Reinsurance News

Reinsurance shielding Australian insurers from flood ratings impact: Fitch

30th March 2022 - Author: Matt Sheehan

Recent flooding and severe storms in south-east Queensland and New South Wales will affect insurers’ earnings rather than their capital, due to the strong reinsurance program that firms have in place, according to analysts at Fitch Ratings.

The rating agency says insurers’ robust earnings and capital headroom should ensure their ratings remain resilient to these effects.

However, higher modelled catastrophe losses and rising reinsurance costs in the face of increasingly frequent extreme weather events, coupled with reduced appetite from global reinsurers, pose risks to insurers’ credit profiles over the medium term, it added.

Fitch expects net losses to primary insurers from the extreme weather in late February and early March 2022 to be much lower than Insurance Council of Australia’s (ICA) current gross loss estimate of around AUD 2.5 billion due to high reinsurance recoveries.

However, analysts believe gross losses may rise further as the Bureau of Meteorology forecasts the ongoing La Nina condition to cause above median rainfall in 2Q22 for much of northern and eastern Australia.

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Insurers have received over 163,000 claims, according to the ICA, of which we believe most are in the property class.

Fitch notes that most losses will be borne by Insurance Australia Group Limited (IAG) and Suncorp Group Limited, which command over 50% of non-life premiums in Australia.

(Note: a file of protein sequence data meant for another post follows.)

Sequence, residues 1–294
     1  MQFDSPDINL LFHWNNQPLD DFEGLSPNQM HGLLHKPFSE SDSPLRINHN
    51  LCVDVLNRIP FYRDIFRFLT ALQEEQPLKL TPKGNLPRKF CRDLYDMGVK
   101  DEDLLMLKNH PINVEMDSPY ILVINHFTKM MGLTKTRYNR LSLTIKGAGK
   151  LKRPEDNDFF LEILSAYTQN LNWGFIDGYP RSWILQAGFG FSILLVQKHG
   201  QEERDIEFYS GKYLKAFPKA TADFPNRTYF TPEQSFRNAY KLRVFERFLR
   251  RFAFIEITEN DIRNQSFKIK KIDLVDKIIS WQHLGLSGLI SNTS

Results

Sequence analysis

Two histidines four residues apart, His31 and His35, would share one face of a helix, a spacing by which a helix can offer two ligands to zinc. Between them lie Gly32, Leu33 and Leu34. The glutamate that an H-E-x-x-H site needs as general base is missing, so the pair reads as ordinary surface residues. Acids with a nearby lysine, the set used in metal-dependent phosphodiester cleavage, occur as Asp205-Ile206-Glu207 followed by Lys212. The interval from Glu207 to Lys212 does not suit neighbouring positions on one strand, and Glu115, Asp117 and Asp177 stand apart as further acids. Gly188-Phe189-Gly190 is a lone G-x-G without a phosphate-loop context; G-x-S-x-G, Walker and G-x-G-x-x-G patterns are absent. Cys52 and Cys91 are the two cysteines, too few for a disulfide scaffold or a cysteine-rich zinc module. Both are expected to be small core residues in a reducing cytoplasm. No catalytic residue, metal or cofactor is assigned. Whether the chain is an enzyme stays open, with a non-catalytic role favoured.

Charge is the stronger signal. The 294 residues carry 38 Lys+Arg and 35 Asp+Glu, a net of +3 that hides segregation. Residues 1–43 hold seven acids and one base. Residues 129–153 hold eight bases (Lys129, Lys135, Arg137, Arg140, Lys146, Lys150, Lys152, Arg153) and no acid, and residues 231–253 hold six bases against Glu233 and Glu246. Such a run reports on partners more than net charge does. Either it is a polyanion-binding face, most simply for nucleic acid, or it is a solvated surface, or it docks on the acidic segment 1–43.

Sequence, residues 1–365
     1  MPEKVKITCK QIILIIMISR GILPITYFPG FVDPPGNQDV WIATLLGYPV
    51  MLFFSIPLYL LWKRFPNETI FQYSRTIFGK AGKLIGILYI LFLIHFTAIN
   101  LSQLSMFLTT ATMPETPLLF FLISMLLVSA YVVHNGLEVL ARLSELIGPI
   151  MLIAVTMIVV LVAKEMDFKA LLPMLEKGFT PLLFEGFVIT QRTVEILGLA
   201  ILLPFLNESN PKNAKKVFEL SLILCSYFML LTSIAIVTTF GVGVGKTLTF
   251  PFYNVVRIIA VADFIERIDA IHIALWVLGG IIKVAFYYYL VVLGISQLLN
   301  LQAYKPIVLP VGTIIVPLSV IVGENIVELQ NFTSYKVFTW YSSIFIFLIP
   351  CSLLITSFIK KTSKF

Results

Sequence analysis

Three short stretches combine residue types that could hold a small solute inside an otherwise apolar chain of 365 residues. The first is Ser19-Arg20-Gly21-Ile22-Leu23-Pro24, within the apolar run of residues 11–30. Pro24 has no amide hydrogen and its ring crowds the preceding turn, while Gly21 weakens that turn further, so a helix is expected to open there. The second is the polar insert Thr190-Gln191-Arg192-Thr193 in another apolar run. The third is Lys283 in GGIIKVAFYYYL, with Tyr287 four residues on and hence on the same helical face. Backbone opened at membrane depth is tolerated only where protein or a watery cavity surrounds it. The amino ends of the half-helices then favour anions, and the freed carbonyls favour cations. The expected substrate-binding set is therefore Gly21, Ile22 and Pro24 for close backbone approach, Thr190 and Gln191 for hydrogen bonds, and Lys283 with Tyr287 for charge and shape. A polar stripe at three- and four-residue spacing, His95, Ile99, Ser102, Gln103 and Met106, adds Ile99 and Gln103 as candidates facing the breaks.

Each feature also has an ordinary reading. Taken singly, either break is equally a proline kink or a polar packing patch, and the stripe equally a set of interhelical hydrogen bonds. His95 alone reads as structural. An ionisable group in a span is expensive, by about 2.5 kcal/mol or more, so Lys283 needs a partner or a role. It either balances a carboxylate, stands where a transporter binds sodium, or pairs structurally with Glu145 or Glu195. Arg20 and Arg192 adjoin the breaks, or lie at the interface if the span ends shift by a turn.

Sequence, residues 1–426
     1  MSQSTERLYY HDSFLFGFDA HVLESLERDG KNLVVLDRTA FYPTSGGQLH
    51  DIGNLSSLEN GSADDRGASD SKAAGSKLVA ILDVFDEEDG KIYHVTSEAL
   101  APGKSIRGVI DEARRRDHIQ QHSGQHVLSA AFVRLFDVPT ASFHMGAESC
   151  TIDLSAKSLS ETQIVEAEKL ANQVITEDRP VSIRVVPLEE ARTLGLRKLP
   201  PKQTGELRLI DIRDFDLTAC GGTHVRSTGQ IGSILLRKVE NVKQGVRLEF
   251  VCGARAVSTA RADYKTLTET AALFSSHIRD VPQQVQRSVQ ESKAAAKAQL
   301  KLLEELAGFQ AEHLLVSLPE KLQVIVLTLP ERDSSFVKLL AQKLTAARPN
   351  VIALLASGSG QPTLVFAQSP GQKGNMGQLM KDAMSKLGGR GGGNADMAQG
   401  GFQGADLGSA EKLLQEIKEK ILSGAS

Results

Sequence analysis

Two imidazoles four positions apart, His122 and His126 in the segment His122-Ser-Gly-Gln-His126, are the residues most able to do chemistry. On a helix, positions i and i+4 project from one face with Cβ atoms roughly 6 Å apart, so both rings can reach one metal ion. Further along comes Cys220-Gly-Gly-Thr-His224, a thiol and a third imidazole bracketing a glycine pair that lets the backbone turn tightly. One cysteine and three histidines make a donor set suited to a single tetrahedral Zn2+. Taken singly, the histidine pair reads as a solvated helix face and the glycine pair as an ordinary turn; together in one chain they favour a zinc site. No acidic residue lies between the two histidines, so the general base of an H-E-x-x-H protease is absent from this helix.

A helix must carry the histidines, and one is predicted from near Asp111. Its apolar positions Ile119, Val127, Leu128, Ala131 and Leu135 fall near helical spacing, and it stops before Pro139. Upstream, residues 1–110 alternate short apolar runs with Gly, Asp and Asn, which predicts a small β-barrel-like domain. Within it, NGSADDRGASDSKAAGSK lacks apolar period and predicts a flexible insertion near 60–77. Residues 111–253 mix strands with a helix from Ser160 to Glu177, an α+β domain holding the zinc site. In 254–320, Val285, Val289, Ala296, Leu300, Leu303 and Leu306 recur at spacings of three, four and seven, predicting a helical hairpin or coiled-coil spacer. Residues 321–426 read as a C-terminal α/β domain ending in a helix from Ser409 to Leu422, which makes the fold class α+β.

The two insurers had already used a large portion of their retentions under aggregate reinsurance programmes in response to events leading up to the recent floods, which should allow them to cede losses to reinsurers faster.

QBE Insurance Group Limited will also be affected, albeit to a lesser extent, through its retail insurance operations, Fitch says.

According to Fitch, higher net exposure due to frequent extreme weather events, changes to reinsurance structures, or reduced reinsurance capacity, could affect insurers’ capital strength over the medium term.

While the firm does not expect a major change in gross probably maximum loss figures due to recent floods, changes to reinsurance structures due to higher pricing, especially for aggregate volatility cover, may push up net PML values.

Nonetheless, analysts remain confident that global reinsurers will continue to provide sufficient capacity to the Australian market, as it helps diversify their global insurance portfolios.

The federal government is also finalising a AUD 10 billion reinsurance pool for cyclones and related flood damage in Northern Australia, which should reduce the burden on insurers and help improve premium affordability.

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